Urinary tract infections (UTIs) are an extremely common, uncomfortable and painful condition affecting women of all ages. In fact, it is estimated that 50-60% of women will suffer from a UTI at some point in their lives. It is also common for women who have had a UTI in the past to experience recurrent infections.

If you are experiencing symptoms of a UTI, it's a good idea to seek medical attention as soon as possible, however, there are also a number of things you can do to prevent UTIs or help relieve symptoms if you've already been diagnosed.



Urinary tract infections (UTIs) are a condition that has been around for thousands of years, mainly affecting the health and wellbeing of women. Treatment of UTIs has historically been very different than it is today.

During the days of ancient Egypt, urine was considered an important diagnostic tool for identifying diseases. Physicians looked at urine and determined what disease a person had based on its color and smell. For the treatment of a urinary tract infection, they recommended drinking a mixture of water, milk and honey. This was believed to be effective due to the antibacterial properties of honey.

However, in the Middle Ages, urinary tract infections were thought to be caused by an excess of black bile in the body, and treatment usually involved leeches *yuck* or copper to draw the bile out of the body.

It wasn't until the Renaissance that it was discovered that bacteria were the main cause of UTIs and that antibiotic treatment was most effective.

Over the course of the 20th century, effective antibiotics were developed to treat urinary tract infections, making the disease more manageable and less dangerous. Today, antibiotics are usually recommended for UTIs, although there is also a lot you can do to prevent this highly uncomfortable condition that women of all ages suffer from.




Urinary tract infection is typically caused by bacteria entering the urinary tract. The most common bacteria that cause urinary tract infections are Escherichia coli (E.coli), which are usually found in the gut and the area around the anus.

A UTI can occur as a result of bacteria spreading from the anus to the urinary tract through the urethra. Women are more likely to develop a UTI than men because women's urethra is shorter, making it easier for bacteria to get to the bladder.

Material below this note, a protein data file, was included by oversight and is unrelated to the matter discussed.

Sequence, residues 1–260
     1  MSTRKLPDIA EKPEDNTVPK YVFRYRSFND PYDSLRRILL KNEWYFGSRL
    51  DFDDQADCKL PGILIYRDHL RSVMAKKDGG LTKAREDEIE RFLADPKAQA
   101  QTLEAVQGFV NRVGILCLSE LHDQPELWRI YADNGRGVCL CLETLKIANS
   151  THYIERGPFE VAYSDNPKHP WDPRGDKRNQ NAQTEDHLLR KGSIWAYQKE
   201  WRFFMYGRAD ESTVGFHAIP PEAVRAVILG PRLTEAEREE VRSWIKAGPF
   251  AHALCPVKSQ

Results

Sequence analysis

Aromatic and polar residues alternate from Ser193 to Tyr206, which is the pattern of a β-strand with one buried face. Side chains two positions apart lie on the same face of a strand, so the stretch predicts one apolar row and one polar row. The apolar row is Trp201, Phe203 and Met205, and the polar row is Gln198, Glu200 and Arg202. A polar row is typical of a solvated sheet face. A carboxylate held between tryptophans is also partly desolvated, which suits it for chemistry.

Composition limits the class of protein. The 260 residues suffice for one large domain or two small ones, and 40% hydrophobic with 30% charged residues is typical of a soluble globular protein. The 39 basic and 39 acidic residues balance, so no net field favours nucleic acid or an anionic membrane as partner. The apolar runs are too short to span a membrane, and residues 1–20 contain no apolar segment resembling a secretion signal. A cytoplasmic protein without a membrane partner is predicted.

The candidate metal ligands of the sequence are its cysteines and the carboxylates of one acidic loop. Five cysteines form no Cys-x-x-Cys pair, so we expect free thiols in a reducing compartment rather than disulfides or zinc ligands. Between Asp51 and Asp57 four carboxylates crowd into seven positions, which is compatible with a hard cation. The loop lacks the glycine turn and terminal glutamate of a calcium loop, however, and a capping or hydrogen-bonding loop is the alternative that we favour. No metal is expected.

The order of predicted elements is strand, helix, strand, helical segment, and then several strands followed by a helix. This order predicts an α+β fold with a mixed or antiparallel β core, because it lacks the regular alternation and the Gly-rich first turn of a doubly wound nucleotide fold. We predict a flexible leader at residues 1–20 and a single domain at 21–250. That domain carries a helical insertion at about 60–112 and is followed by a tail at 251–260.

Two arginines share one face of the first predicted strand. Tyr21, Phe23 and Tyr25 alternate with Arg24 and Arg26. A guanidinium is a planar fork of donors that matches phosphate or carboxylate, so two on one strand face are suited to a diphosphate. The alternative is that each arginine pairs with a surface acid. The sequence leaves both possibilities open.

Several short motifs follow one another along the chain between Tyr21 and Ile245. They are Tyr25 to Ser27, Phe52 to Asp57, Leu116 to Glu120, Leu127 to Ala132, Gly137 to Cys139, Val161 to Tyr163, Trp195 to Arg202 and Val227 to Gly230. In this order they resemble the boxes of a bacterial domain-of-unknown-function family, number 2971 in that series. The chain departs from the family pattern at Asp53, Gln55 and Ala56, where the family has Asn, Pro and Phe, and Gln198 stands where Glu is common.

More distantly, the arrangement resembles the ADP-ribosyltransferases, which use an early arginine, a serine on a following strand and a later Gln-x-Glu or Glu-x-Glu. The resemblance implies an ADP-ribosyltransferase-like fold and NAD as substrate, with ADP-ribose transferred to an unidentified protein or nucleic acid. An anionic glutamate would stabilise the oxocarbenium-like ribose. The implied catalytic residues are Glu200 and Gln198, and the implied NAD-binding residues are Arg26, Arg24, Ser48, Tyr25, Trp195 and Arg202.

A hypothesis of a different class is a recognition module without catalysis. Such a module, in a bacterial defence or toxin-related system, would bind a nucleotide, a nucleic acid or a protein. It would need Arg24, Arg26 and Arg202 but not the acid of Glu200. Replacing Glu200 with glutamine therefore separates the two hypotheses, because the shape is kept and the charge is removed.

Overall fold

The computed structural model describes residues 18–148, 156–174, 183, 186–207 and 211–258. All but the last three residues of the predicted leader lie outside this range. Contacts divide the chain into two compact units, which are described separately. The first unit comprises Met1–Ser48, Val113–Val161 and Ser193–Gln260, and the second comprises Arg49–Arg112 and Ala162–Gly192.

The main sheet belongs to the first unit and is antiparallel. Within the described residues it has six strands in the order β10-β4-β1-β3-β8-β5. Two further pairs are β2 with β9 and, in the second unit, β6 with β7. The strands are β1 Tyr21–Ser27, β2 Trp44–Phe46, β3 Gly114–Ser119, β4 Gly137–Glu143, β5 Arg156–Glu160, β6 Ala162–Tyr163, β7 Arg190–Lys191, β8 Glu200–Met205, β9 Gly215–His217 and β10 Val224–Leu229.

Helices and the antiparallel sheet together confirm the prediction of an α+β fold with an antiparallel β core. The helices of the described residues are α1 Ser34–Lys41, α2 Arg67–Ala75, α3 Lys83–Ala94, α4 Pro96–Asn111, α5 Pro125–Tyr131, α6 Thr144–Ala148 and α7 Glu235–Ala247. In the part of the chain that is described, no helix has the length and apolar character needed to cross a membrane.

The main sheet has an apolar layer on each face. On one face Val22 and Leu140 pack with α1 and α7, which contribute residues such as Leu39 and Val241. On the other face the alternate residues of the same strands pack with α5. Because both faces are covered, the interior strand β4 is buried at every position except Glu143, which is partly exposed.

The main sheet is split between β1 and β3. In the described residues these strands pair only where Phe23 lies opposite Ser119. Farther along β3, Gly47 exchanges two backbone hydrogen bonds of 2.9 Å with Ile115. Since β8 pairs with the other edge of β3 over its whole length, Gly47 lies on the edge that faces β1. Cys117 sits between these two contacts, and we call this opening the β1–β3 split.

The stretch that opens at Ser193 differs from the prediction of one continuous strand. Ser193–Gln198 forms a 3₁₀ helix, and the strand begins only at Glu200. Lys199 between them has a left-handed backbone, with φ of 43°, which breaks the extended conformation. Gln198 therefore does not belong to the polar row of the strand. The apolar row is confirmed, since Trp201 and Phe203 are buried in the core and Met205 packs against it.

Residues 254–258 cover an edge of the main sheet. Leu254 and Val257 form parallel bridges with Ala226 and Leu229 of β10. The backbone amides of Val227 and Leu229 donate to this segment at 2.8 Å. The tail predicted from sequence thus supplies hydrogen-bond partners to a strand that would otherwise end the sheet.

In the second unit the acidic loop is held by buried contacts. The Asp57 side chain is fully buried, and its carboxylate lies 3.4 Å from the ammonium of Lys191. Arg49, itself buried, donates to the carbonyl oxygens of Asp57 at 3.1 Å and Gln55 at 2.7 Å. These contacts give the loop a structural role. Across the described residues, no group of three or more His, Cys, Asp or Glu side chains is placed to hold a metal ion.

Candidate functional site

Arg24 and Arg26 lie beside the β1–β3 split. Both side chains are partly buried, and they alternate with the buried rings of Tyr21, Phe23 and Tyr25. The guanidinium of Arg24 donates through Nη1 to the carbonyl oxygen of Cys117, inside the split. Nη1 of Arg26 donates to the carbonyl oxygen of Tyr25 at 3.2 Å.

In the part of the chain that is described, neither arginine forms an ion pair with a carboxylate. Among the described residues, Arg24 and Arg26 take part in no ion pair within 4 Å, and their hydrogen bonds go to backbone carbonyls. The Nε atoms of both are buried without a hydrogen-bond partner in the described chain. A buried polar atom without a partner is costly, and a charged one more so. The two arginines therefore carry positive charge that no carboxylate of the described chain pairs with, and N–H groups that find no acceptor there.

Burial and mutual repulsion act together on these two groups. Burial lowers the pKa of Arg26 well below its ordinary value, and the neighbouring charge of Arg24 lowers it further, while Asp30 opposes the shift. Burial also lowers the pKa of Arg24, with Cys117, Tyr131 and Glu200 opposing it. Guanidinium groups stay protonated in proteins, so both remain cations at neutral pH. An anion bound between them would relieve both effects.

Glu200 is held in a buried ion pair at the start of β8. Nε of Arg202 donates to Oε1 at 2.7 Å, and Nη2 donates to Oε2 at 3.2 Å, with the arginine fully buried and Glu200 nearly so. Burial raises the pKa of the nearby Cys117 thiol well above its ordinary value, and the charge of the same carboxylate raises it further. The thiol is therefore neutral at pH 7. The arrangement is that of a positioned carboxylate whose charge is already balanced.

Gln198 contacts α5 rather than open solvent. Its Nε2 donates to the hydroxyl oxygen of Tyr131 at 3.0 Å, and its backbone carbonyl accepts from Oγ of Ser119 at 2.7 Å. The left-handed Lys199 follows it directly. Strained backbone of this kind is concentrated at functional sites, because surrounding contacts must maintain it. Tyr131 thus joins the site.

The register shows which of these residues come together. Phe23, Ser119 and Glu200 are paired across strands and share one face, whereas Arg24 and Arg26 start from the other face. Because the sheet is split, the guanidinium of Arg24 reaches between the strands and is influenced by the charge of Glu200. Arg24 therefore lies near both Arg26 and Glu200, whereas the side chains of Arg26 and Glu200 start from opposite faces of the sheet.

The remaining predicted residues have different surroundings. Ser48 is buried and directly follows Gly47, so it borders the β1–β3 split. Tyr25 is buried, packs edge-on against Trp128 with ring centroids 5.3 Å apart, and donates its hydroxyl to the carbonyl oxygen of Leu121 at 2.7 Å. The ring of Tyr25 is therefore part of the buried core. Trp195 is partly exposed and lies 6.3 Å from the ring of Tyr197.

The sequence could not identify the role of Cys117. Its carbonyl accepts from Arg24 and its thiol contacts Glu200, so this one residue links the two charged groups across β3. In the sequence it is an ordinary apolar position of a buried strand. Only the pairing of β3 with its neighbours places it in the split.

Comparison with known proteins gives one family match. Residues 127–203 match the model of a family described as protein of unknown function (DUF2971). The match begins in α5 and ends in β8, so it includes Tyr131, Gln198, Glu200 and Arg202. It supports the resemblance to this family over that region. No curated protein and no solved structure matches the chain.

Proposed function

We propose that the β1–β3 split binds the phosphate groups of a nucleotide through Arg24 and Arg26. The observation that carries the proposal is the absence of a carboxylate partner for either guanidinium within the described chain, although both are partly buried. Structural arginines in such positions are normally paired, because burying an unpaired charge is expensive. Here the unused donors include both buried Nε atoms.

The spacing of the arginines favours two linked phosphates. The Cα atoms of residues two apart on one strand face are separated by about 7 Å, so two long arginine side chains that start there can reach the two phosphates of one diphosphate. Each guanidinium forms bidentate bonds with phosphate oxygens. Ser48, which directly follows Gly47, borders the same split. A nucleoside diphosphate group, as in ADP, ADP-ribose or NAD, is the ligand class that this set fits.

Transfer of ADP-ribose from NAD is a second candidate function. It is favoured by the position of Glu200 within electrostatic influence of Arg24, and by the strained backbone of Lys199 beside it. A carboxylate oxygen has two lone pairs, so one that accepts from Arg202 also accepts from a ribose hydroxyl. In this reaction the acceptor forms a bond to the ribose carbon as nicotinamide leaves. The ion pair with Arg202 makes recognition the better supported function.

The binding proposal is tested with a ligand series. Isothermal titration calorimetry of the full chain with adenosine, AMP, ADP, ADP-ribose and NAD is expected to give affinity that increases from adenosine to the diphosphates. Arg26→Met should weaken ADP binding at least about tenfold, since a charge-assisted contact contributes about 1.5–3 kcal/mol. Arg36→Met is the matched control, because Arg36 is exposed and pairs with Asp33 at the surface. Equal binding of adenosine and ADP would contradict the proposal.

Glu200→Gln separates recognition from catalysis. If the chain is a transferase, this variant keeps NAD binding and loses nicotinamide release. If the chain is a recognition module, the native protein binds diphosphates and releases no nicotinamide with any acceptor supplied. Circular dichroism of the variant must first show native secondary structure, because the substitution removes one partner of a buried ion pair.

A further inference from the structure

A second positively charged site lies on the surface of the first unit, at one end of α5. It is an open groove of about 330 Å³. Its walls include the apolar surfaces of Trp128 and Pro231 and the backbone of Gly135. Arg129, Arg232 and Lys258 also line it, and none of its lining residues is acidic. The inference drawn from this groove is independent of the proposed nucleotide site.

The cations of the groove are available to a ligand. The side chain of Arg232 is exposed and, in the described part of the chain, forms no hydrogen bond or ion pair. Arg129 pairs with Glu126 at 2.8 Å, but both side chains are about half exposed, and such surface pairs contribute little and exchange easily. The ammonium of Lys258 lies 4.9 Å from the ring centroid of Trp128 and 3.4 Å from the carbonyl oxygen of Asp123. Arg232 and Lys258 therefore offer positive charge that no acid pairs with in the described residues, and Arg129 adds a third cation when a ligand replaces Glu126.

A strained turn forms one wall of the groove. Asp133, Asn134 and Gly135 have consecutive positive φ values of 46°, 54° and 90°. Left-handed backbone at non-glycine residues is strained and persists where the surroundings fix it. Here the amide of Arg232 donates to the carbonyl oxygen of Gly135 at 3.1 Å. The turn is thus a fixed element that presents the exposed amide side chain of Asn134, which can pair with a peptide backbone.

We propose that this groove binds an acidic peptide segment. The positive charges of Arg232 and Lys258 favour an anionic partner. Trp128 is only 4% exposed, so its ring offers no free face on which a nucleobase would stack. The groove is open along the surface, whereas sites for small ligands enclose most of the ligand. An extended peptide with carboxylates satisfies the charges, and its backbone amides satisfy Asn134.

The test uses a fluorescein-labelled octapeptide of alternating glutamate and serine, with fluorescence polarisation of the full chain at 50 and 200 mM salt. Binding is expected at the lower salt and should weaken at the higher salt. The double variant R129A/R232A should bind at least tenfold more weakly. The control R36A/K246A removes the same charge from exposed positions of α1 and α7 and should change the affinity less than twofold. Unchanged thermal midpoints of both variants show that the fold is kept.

While UTIs are certainly no picnic, it's important to remember that UTIs are common and can be easily treated. Of course, if you experience any of the symptoms below, it's important to seek medical attention. If you have a UTI, remember that you may also need to take care of yourself with a little extra love and care

Below you will find some of the most common symptoms of a urinary tract infection:

  • Pain or a burning sensation when you urinate

This is extremely uncomfortable and can feel like you're peeing barbed wire, but don't forget that it's your amazing body telling you that something needs to be fixed.


  • Frequent urination

Having to pee frequently can be annoying, but it also means your body is trying to get rid of the infection.


  • Abdominal pressure or pain

This may feel uncomfortable, but remember that it's because your body is working hard to fight the infection.


  • Blood in the urine

In case of blood in the urine, you should always contact your doctor as it could be a sign of a more serious urinary tract infection.


  • Fever and shivering

Fever can be a sign of a more serious infection and is your body's natural defense against infection. If you develop a fever associated with a urinary tract infection, always seek medical attention.



  • Hormonal changes such as menopause, menstrual cycles and pregnancy can make some women more susceptible to UTIs.
  • Urine that stays in the urinary tract due to a blockage or narrowing, giving bacteria time to grow and spread.
  • A weakened immune system, which makes it harder for your body to fight off infections.
  • Your urinary tract anatomy, such as a narrow urethra, can make it harder for the body to expel bacteria.
  • Sexual activity can increase the risk of bacteria spreading from the rectum to the urinary tract.
  • Some spermicides and contraceptives can irritate the urethra and make it easier for bacteria to enter the urethra.



Having sex can increase the risk of a urinary tract infection. This is because bacteria in the area can spread to the urethra during intercourse. Women are also at greater risk of urinary tract infections during sex as they have shorter urethras than men, making it easier for bacteria to enter.